The other fats that research shows feed your brain in a healthy way are monounsaturated fats or olive oil.

Good fats feed the membranes in your cells, which means they feed all parts of your body including your brain! So to feed our brains well we need to eat healthy foods that contain fat. These include olive oil which can be used in salad dressings or for cooking.

The best fats for your brain are found in avocados, olives, nuts, seeds, and fatty fish like salmon, tuna, and mackerel.

Feed your brain micronutrients


As we mentioned, one of the most important things that your brain needs is oxygen. As iron helps the blood to carry oxygen around the body, it is important to get sufficient iron in your daily diet. Iron can be found in red meat and the dark meat of chicken. However, if you are a vegetarian, you can find it in cacao (or dark chocolate with more than 45 % cacao), dried beans and pulses, tempeh, chia seeds, for example.

It can actually be quite tricky to get the 18 mg a day, and you may have to resort to fortified foods. Although fortified foods have been artificially fortified with the nutrient, they still provide all the other nutrients required by the micronutrient to be absorbed, as they are being eaten as whole food. This is still a better solution than supplementation and a longer-term approach.

B vitamins

B vitamins are important for brain health because they feed the mitochondria. Mitochondria are found in every cell of your body. They produce energy by converting glucose into ATP – this is essentially food for all cells so you need a continuous supply.

Vitamin C

Vitamin C is another important nutrient that feeds the mitochondria which produce 90 % of the energy in your body. It can be found in oranges, berries and dark green vegetables such as broccoli.

Magnesium and zinc

There is also some evidence that magnesium and zinc play a role in mitochondrial health. This means you need to feed your brain foods rich in these nutrients too. Foods high in magnesium include nuts like Brazil nuts or cashew nuts, seeds such as pumpkin seeds, and dark green vegetables such as kale. Foods rich in zinc include seafood like oysters and crab, red meat and poultry. Vegetarian foods high in zinc include legumes, whole grains and wholegrain bread.

Vitamin D

Vitamin D acts like a hormone that regulates the growth of brain cells. It also helps to feed neuronal membranes, which are responsible for sending messages between neurons in your brain so you can think clearly. Vitamin D is actually made by our skin using sunlight. However, there has been some research showing links with depression and lower levels of vitamin D during darker months.

It is the one nutrient (apart from Vitamin B12) that we would suggest supplementing in your diet if tests show your levels are low.

Feed your brain antioxidants

Have you ever seen an apple or an avocado turn brown when it has been exposed to the air (or the oxygen in the air)? This is what happens inside our brains and our bodies when our cells are exposed to oxygen. It is also why it is important to eat foods containing antioxidants, that help to remove the free radicals causing the damage to your cells from your body.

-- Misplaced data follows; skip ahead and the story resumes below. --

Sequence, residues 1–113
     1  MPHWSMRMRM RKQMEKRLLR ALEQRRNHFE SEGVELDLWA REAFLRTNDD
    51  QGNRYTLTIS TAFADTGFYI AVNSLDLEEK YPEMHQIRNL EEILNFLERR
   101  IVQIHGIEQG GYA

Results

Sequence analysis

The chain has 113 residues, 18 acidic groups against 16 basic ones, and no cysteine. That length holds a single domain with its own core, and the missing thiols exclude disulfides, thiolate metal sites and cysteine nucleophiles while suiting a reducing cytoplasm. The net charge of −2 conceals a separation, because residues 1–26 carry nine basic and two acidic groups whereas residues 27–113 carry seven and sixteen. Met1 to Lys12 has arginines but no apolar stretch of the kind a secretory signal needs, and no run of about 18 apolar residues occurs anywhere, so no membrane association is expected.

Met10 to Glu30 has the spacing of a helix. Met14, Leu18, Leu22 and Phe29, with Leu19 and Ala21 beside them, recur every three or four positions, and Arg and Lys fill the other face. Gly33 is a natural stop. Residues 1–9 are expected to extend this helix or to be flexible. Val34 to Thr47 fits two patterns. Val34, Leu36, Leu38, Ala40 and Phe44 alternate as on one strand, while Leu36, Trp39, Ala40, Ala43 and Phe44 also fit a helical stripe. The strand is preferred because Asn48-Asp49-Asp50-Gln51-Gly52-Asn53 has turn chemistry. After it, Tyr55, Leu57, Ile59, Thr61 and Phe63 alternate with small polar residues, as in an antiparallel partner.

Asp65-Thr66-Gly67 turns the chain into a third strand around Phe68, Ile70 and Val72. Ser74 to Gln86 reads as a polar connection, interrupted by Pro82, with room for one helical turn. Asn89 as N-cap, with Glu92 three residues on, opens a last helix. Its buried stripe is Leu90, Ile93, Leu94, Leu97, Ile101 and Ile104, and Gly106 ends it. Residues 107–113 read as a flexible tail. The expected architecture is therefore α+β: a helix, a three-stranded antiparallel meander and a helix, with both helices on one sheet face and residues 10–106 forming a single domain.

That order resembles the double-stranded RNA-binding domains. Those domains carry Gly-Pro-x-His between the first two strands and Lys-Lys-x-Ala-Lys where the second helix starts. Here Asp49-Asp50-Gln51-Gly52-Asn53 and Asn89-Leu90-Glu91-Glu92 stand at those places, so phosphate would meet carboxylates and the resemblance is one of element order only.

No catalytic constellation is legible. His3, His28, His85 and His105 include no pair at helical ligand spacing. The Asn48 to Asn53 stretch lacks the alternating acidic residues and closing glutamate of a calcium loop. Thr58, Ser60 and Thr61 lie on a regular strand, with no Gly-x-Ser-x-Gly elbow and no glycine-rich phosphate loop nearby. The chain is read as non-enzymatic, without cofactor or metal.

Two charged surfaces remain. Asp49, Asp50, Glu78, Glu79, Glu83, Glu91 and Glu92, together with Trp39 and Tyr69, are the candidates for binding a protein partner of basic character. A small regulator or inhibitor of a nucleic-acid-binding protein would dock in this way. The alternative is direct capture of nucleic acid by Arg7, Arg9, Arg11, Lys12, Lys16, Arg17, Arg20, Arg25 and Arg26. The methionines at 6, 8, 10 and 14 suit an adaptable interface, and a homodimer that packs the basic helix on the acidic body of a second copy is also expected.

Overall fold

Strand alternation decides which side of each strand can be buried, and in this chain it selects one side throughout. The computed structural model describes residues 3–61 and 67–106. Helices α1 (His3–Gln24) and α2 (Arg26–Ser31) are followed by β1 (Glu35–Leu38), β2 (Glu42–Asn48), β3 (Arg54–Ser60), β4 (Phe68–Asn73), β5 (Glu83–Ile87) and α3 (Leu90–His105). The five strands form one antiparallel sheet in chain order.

This is another good reason to feed your brain fruits and vegetables. You can also find antioxidants in green tea, red wine (in moderation), dark chocolate with more than 70 % cacao solids or coffee. These are all foods you may not have thought of as containing anti-oxidants!

Feed your brain water

Water is critical to brain health. If you are dehydrated, research has shown that this is likely to result in reduced cognitive function. Your brain needs water because it’s made up of 70 % water! So if you feed your brain foods that are high in natural fluids like fruits and vegetables, then this will help to keep your body hydrated as well.

Water is important for brain health as it has a part to play in the regulation of neurotransmitters, which are chemical messages between neurons that help us think clearly and make good decisions. It also helps with cognitive function because our brains contain so many synapses or connections between cells. Water can regulate these connections through its ability to make the brain’s electrical signalling more efficient.

How much water should we feed our brains?

We would recommend drinking at least one and a half litres of fluid per day, which is about six to eight glasses. Try to drink this over the course of the day rather than all in one go as it can be difficult for your body to process it.

Recipes that incorporate healthy brain foods

Some recipes that incorporate the nutrients discussed in the article are:

Let us know if you cook any of these recipes. And please share any other recipes you find that incorporate these important brain food nutrients into your diet!

Image credits

“Eat!” by Joshua Rappeneker is licensed under CC BY-SA 2.0